View of theatrical scene from behind the stage
Watercolour on paperboard
Mid XX century
The chiaroscuro effect almost recalls the technique of use of light of German Expressionist cinema
Dauphin Petit Amable (called Amable-Petit)
(Rouen, 1846 – Paris, 1917)
Theatrical décor draft
china, watercolour and gouache on paper mm.
Signed on the lower right: Amable
cm. 44 x 74
Which scene does this magnificent painting of Amable dipict, and who is the main character? A correct answer would require a deep analysis of the theatrical world gravitating around the Opéra of Paris in the late nineteenth century and beyond, since the artist was one of the greatest drama decorators of the period, the author of hundreds of décors and backdrops never entirely cataloged. Son of actor André Amable, the young artist debuted as a mime at the Théâtre des Funambules in Boulevard du Temple, where he worked until 1862. There he met the great Italian decorator Enrico Robecchi and soon became his closest collaborator and, since 1885, his copartner. With master Robecchi and a few other artists (Auguste Rubé, Philippe Chaperon, Marcel Jambon, Alfred Lemeunier) Amable created most of the scenarios of Paris, working for the Opéra Garnier, but also for the Opéra Comique, the Comédie Française, the Odéon, the Théâtre de la Porte Saint-Martin, the Théâtre du Châtelet, the Théâtre de la Renaissance, Théâtre de l’Athenée, and, at the beginning of the twentieth century, the Théâtre Antoine, the Théâtre Sarah Bernhardt and the Théâtre du Palais-Royal. The décors he executed for a vast dramatic repertoire, ranging from Swan Lake to Tosca, from Siegfried to Tannhäuser from Theodora to Salammbô, reflect the eclectic and fable taste theorized by Viollet-le-Duc: the creation of beautiful environments by reviewing forms and styles of the Western art tradition.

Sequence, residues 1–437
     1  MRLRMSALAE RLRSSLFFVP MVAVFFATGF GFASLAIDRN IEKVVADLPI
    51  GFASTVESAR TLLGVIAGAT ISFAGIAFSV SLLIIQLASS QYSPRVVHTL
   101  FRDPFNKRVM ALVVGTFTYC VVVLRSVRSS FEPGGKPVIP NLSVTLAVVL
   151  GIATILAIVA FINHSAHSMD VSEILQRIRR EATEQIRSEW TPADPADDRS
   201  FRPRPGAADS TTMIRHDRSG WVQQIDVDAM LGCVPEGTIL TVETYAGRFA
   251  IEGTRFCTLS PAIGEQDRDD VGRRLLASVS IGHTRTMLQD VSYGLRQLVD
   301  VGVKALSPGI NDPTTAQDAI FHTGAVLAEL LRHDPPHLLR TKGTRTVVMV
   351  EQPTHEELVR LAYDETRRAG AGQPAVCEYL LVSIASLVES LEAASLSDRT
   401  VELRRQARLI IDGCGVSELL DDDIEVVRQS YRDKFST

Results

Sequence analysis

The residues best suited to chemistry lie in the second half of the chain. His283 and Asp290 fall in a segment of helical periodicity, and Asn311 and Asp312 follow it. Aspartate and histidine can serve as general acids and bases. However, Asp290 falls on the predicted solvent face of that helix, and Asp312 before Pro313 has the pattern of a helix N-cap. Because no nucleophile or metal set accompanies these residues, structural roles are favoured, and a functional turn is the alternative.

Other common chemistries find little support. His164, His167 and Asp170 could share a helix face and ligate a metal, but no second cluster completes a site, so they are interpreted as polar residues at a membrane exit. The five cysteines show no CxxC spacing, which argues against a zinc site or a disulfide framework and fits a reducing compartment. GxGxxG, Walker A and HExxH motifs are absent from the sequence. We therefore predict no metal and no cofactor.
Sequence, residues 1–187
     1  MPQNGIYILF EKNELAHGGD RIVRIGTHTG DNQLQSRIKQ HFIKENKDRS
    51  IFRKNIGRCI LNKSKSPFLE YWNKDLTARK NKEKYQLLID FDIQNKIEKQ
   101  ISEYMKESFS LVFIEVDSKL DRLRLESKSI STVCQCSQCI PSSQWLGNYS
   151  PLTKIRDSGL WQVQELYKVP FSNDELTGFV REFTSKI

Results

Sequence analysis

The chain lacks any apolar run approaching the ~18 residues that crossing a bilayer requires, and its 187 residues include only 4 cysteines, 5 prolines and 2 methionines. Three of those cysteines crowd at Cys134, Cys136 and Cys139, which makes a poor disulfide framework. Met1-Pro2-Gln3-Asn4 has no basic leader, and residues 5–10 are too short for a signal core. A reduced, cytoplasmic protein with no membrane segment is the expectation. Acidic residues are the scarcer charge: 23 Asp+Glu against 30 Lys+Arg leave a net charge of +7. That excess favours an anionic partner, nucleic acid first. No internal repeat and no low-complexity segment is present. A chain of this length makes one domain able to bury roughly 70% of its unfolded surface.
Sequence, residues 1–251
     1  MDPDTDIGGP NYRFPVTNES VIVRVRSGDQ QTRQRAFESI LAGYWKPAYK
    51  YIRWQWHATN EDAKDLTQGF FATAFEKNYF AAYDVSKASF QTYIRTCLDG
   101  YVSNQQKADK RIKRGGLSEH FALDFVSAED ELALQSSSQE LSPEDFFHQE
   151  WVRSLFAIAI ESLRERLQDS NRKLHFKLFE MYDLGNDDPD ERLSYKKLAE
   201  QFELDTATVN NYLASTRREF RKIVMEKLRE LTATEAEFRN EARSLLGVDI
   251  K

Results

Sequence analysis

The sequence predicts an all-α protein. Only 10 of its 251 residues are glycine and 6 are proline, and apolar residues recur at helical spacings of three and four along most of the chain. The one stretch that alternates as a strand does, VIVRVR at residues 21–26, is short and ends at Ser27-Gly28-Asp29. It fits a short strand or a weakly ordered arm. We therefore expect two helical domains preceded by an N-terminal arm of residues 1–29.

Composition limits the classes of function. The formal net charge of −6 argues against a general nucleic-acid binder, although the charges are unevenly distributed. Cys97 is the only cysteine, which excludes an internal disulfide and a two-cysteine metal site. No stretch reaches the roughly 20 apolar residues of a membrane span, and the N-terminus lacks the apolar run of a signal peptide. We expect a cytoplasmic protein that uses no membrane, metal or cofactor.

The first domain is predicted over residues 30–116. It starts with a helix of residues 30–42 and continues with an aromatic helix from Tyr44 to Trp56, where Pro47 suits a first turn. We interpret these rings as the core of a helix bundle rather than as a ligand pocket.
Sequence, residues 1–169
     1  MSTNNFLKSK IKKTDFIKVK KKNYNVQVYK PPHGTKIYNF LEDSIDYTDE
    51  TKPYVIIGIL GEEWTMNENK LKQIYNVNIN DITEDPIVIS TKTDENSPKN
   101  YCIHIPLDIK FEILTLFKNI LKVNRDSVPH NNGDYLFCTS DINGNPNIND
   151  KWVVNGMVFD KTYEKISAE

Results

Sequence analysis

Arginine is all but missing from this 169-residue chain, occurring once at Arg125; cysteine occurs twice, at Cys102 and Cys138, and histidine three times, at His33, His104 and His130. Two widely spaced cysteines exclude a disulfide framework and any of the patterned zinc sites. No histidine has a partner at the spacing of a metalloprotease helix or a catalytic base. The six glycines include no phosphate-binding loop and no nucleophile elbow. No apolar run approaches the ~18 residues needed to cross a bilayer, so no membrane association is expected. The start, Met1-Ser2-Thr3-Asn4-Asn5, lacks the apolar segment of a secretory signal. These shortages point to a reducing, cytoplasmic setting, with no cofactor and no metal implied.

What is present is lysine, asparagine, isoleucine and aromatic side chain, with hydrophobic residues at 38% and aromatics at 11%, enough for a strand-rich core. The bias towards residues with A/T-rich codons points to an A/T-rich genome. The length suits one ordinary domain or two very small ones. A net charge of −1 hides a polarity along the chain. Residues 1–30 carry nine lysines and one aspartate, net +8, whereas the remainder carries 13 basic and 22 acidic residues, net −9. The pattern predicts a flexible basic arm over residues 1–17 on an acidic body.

Photo of two British army officers on camels posing in front of the Great Sphinx of Giza and the Pyramid of Cheops or Great Pyramid.
Photographer unknown (1890 – 1910 ca.)
29 x 20
Beneath the photo the hand signature of who made this particular copy: the “T. Bolland Studio” in Uxbridge Road in Hanwell, London. They were “Photographers to the Queen”, as they claim on the Reverse of one of their cabinet cards. Behind the Officers the Great Sphinx can be seen before the major restorations of the XX century.